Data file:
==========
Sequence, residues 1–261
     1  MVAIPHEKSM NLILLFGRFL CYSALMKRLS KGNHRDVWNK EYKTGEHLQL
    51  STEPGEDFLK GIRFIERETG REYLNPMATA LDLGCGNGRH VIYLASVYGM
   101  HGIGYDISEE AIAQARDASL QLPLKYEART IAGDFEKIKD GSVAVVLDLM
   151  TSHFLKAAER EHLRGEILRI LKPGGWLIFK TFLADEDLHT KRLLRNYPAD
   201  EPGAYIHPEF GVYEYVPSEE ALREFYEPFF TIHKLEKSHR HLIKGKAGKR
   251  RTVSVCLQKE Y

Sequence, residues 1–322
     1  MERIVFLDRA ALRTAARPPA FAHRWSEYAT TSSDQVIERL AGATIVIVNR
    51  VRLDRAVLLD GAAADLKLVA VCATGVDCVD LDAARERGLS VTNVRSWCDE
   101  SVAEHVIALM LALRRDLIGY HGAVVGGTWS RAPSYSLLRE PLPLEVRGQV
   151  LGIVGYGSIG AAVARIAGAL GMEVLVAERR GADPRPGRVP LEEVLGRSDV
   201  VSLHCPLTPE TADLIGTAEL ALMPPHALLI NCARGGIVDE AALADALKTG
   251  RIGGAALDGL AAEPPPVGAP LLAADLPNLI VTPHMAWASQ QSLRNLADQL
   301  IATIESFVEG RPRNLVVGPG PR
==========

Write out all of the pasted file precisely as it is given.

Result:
Sequence, residues 1–261
     1  MVAIPHEKSM NLILLFGRFL CYSALMKRLS KGNHRDVWNK EYKTGEHLQL
    51  STEPGEDFLK GIRFIERETG REYLNPMATA LDLGCGNGRH VIYLASVYGM
   101  HGIGYDISEE AIAQARDASL QLPLKYEART IAGDFEKIKD GSVAVVLDLM
   151  TSHFLKAAER EHLRGEILRI LKPGGWLIFK TFLADEDLHT KRLLRNYPAD
   201  EPGAYIHPEF GVYEYVPSEE ALREFYEPFF TIHKLEKSHR HLIKGKAGKR
   251  RTVSVCLQKE Y

Sequence, residues 1–322
     1  MERIVFLDRA ALRTAARPPA FAHRWSEYAT TSSDQVIERL AGATIVIVNR
    51  VRLDRAVLLD GAAADLKLVA VCATGVDCVD LDAARERGLS VTNVRSWCDE
   101  SVAEHVIALM LALRRDLIGY HGAVVGGTWS RAPSYSLLRE PLPLEVRGQV
   151  LGIVGYGSIG AAVARIAGAL GMEVLVAERR GADPRPGRVP LEEVLGRSDV
   201  VSLHCPLTPE TADLIGTAEL ALMPPHALLI NCARGGIVDE AALADALKTG
   251  RIGGAALDGL AAEPPPVGAP LLAADLPNLI VTPHMAWASQ QSLRNLADQL
   301  IATIESFVEG RPRNLVVGPG PR